It is only four months ago that economists were predicting the launch of the iPhone 5 would single-handedly boost the US economy by up to half a percentage point.
Today, technology analysts are wondering if Apple can increase its own earnings at all this year, never mind rescue the American economy.
Steven Milunovich, analyst at UBS, talks about a “lost year of growth” at Apple in 2013, while Stuart Jeffrey of Nomura forecasts a rise of just 2 per cent in earnings this year, “which, if true, suggests that Apple really has gone ex-growth”.
For a company that posted year-on-year revenue growth of 73 per cent a year ago, even analysts’ more generous responses to Wednesday’s results sound like damning with faint praise.
“We view the results as a sign that Apple is executing well as they shift to a more normal growth company,” wrote Amit Daryanani of RBC Capital Markets.
When dealing with the world’s largest company, logic suggests that growth has to slow at some point.
Benedict Evans, a London-based smartphone analyst with Enders Analysis, points to the “Catch-22” situation in which Apple finds itself, where high sales create fears of market saturation and low sales suggest slowing growth. “Apple has got to the point where all news is bad news,” he says.
Silicon Valley technologists love to scoff at Wall Street’s narrative that a more “normal” Apple is somehow “doomed”, pointing to Apple’s record sales of iPhones and iPads, and one of the biggest quarterly profits in American corporate history.
Shipping 47.8m iPhones in the three months leading up to Christmas 2012 certainly puts Samsung’s 40m Galaxy S3 sales, over more than six months, in the shade. Demand for the iPad mini was so great that Apple could not make them fast enough, despite many critics suggesting its $130 premium to rivals such as Amazon’s Kindle Fire would put off shoppers.
“We obviously could have sold more than this because we could not build enough iPad minis to come into demand balance,” said Tim Cook, Apple’s chief executive.
However, despite Mr Cook’s reputation for mastery of the supply chain, updating almost every Apple product simultaneously has taken its toll on profit margins.
As Wall Street analysts grapple with Apple’s guidance of lower margins and revenues in the second quarter, many are coming to terms with the fact that it might struggle to make up the flat and declining earnings likely to come from the first half of the year.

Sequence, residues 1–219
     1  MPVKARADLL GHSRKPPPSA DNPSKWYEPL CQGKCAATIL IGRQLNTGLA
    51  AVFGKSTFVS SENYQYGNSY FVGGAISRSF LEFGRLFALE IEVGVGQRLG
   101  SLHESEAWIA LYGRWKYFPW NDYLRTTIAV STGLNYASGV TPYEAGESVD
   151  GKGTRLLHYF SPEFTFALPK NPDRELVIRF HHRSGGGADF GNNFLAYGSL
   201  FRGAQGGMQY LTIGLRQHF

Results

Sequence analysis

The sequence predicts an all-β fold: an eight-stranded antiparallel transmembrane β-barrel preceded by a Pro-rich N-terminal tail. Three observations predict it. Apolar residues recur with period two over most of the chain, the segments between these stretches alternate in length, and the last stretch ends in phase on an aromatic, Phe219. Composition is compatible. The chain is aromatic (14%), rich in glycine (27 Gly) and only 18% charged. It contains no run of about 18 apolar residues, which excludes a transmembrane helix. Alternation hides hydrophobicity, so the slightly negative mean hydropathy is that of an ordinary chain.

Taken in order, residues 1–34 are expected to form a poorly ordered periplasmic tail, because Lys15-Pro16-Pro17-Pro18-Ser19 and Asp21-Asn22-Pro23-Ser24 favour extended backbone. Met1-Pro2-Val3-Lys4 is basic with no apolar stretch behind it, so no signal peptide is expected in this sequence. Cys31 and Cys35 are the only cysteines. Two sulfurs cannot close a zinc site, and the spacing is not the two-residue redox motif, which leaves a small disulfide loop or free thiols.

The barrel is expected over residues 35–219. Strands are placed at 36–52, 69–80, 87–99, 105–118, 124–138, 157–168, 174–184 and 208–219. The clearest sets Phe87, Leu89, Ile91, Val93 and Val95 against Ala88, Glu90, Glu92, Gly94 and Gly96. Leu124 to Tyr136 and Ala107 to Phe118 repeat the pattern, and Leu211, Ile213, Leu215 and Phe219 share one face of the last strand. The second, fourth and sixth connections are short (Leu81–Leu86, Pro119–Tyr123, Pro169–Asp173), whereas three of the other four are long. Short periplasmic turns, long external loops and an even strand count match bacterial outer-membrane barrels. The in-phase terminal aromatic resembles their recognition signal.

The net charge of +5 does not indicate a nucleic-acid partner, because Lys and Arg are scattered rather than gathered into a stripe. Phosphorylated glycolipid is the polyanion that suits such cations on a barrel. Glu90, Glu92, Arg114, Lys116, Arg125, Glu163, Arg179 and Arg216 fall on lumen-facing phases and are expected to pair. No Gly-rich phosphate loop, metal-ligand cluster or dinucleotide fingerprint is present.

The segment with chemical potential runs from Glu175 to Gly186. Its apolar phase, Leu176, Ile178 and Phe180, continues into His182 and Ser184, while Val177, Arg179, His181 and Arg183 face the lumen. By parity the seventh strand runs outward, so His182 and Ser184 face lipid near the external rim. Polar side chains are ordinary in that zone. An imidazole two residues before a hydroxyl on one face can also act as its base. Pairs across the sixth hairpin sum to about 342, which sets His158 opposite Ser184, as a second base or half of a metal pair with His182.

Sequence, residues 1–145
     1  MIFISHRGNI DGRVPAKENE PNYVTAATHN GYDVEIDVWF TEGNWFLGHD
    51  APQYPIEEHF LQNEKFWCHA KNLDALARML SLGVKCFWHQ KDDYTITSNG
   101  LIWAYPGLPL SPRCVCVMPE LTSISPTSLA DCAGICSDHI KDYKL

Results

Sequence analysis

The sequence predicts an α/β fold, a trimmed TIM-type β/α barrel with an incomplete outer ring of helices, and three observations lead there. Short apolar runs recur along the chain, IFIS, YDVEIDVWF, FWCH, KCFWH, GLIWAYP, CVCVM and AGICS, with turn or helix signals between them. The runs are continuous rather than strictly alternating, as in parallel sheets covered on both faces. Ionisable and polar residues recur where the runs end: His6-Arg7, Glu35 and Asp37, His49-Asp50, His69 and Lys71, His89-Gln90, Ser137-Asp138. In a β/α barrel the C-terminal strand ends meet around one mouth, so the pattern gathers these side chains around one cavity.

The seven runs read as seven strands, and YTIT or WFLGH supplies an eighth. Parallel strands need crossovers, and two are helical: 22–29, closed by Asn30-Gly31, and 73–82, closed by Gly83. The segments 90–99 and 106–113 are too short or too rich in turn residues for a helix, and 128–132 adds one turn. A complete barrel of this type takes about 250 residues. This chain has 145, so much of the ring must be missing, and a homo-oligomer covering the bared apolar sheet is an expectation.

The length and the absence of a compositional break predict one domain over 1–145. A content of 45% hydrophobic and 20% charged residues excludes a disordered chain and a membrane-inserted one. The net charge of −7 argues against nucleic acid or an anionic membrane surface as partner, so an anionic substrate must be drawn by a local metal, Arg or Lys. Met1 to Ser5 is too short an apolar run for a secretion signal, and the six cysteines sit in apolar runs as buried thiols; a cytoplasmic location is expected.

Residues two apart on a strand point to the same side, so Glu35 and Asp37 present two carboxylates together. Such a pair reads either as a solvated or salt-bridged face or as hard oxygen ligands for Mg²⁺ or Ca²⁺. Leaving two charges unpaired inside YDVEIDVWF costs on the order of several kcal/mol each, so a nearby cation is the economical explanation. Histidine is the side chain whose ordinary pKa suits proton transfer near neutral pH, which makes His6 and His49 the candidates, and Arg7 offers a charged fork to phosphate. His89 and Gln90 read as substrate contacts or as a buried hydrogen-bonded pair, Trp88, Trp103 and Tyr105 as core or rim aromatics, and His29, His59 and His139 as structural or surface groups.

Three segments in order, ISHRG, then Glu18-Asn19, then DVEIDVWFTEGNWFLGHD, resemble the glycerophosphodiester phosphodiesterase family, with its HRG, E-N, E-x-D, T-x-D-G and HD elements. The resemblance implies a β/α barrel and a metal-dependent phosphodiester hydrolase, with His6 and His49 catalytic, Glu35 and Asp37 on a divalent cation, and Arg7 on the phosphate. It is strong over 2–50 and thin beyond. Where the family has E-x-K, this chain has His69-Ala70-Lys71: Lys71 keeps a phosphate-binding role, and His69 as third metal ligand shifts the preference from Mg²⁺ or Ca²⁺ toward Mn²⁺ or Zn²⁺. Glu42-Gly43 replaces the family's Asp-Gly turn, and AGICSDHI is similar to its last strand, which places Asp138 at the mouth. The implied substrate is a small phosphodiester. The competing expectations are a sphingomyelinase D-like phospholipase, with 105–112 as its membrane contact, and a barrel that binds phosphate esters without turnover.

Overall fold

The top end of Apple’s guidance implies a 17 per cent decline in earnings year on year, says Walter Piecyk of BTIG Research, while the worst case suggests a 25 per cent contraction.
“Not only are earnings going to go down for the first time in a decade, they are going down 17 to 25 per cent,” he says. “That’s kind of scary.”
Fewer and fewer analysts now expect Apple's share price to return to its $700 peak for the foreseeable future.
“We believe a capitulation process is under way,” said Ben Reitzes of Barclays. “And, while painful, it is healthy since the loftiest expectations should be reined in quite a bit.”
Although acknowledging that “this recent sell-off and Apple’s execution of late has tested our patience”, Mr Reitzes said that a “bevy” of new products later this year should put the spring back into Apple’s step.
Despite growing speculation of a new Apple TV set or cheaper iPhone, Mr Cook gave few hints as to what those new products might be. He did suggest that it was unlikely to be a “phablet”, a combination phone and tablet that Samsung helped to popularise with its Galaxy Note.
“We put a lot of thinking into screen size,” Mr Cook said when asked about the iPhone’s smaller size than many rivals, “and we believe we have picked the right one.”
But the TV market remains an “area of intense interest”. Apple’s current TV product, a $99 set-top box, sold 2m units last quarter, up 60 per cent. “What was a small niche, at one time, of people that loved it, is [now] a much larger number of people that love it,” he said. “We continue to pull the string and see where it leads us.”
Nor did Mr Cook dismiss the idea of a cheaper iPhone altogether. The two-year-old iPhone 4 sold so well that Apple’s manufacturing could not keep up with demand, he said – which might suggest the device, available for free with a long-term contract in many markets, can in effect be a cheaper iPhone without the need for a new product.
“We aren’t interested in revenue for revenue’s sake,” Mr Cook said when asked whether market share was important. “We want to make only the best products.”
But he added: “I think we have had a great track record here on the iPod at doing different products at different price points and getting reasonable share from doing that.”
Mr Cook also seems to be unconcerned that sales of the higher-priced iPhone would be replaced or “cannibalised” by a cheaper device, as has started to happen with the iPad mini.
“I see cannibalisation as a huge opportunity for us,” he told analysts. “Our base philosophy is never to fear cannibalisation – if we do, someone else will just cannibalise us.”
That suggests that Mr Cook’s Apple is unlikely to settle for being a safe, steady, slow-growth income stock.
As one Apple software engineer tweeted after Wednesday’s results and the accompanying plunge in stock price: “Feels good to be the underdog again.”